I’m Too Hexy For This Viz…

I meant to have an early night tonight but after reading Kristopher Erickson’s wonderful blog Native Hexbin support in Tableau 9 my head was filled with thoughts of hex!

As Kristopher writes, there are now two new formulae in Tableau 9 that enable hexbin support:

  • HEXBINX(x,y)
  • HEXBINY(x,y)

He has done a great job coming up with a way to scale the hexbin count. By default the hexbins are created with a spacing of 1.5° Longitude and 0.866° Latitude but with Kristopher’s scaling functions you can make as many as you want…

  • Hex Lat = HEXBINY([Longitude]*[Sizing], [Latitude]*[Sizing])/[Sizing]
  • Hex Lon = HEXBINX([Longitude]*[Sizing], [Latitude]*[Sizing])/[Sizing]

This is great as you can increase the density of the hexbins as you zoom in, but if you are using a shape marker it won’t zoom in conjunction with your map so you can end up with something that looks like this:

030515_1412_ImTooHexyFo1.png

Or like this:

030515_1412_ImTooHexyFo2.png

It got me wondering if we could come up with an adaptive solution using two of my favourite techniques… polygons and data densification. And the answer is (after some pain with the trigonometry), yes we can! Here is the result:

Hexbin Density 1:

030515_1412_ImTooHexyFo3.png

Hexbin Density 2:

030515_1412_ImTooHexyFo4.png

Hexbin Density 10 (zoomed in on Sydney):

030515_1412_ImTooHexyFo5.png

As explained in a previous post, we need to make two passes over the data so we can have two points to interpolate between. In this case we need 6 points to plot the vertices around the hexbin, so my query looks like this:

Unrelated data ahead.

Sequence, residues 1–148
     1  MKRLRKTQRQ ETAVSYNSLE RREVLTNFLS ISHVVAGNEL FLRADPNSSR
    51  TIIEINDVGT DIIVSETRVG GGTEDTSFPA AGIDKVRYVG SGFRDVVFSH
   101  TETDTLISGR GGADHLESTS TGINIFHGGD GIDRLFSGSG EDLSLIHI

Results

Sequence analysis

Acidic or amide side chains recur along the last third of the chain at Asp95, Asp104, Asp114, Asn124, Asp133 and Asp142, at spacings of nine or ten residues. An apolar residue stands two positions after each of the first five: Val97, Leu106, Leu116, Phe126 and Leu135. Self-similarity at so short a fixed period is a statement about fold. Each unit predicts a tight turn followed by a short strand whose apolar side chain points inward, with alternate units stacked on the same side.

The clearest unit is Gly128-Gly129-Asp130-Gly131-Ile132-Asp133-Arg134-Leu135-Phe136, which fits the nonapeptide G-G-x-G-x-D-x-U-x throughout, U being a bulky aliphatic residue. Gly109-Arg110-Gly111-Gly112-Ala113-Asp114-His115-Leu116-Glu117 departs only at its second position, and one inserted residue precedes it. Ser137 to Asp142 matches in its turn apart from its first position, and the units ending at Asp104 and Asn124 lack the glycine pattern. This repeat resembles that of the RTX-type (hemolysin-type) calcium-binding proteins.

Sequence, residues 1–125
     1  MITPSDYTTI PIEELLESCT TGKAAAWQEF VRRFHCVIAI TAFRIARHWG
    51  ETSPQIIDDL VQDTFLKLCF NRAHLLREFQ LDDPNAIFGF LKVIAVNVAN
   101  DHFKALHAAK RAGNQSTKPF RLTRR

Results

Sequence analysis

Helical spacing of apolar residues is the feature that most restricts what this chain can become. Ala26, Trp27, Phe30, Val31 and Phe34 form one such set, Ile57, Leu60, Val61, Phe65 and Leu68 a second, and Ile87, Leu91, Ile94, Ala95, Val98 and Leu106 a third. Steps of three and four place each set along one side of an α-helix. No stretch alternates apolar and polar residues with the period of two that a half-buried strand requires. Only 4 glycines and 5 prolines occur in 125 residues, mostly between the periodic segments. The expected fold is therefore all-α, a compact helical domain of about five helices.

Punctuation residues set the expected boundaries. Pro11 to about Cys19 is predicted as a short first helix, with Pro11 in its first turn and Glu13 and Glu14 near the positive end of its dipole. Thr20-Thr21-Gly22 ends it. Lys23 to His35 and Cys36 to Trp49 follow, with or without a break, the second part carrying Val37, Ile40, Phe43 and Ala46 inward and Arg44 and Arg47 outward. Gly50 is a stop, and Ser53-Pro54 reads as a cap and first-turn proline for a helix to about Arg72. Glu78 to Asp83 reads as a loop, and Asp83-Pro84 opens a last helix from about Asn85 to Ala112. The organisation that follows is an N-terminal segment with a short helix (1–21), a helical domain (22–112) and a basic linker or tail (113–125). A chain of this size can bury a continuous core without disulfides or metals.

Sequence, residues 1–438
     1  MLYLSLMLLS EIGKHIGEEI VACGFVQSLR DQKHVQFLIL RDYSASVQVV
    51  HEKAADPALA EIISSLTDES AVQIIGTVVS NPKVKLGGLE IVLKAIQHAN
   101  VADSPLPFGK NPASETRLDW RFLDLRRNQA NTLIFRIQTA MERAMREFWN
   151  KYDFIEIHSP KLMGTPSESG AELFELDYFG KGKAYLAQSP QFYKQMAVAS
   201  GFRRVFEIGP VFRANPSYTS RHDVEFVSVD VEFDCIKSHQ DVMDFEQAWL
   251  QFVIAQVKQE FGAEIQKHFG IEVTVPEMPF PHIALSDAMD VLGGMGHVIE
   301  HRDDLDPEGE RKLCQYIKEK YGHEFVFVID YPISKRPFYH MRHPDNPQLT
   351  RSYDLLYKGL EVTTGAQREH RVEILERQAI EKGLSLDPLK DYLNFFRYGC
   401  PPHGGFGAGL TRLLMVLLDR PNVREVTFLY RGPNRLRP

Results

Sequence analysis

030515_1412_ImTooHexyFo6.png

I create a bin over the PointID field to drive the domain padding. And I have three table calculations (which I run over the bin field to make them densify):

  • Angle = (1.047198 * INDEX())
    • The constant value is 60° expressed in radians – i.e. π/3
  • Plot Lat = WINDOW_AVG(AVG([Hex Lat])) + (1/[Hexbin Density])*SIN([Angle])
  • Plot Lon = WINDOW_AVG(AVG([Hex Lon])) + (1/[Hexbin Density])*COS([Angle])

Here’s what the viz looks like – in the end I was surprised with how elegant and simple it turned out:

030515_1412_ImTooHexyFo7.png

You can download the workbook from here. Now go forth, and be hexy!

About Alan Eldridge

Hi. I'm Alan. By day I manage the sales consulting team for Tableau Software in Australia/New Zealand. By night, I'm a caped crusader. Or sleeping. Most often it's sleeping.
This entry was posted in Uncategorized. Bookmark the permalink.

13 Responses to I’m Too Hexy For This Viz…

  1. Sweet, this method handles the Zoom and High Latitude problems very well. Thanks for sharing!

  2. Mary S says:

    The custom SQL is no longer necessary, you just need some field in your data you feel relatively confident will always have at least 2 values, like Customer ID:

    Dummy Field: IF [Customer ID] = {MIN([Customer ID])} THEN 1 ELSE 6 END
    Create bins on [Dummy Field] as before.

  3. Anatoliy says: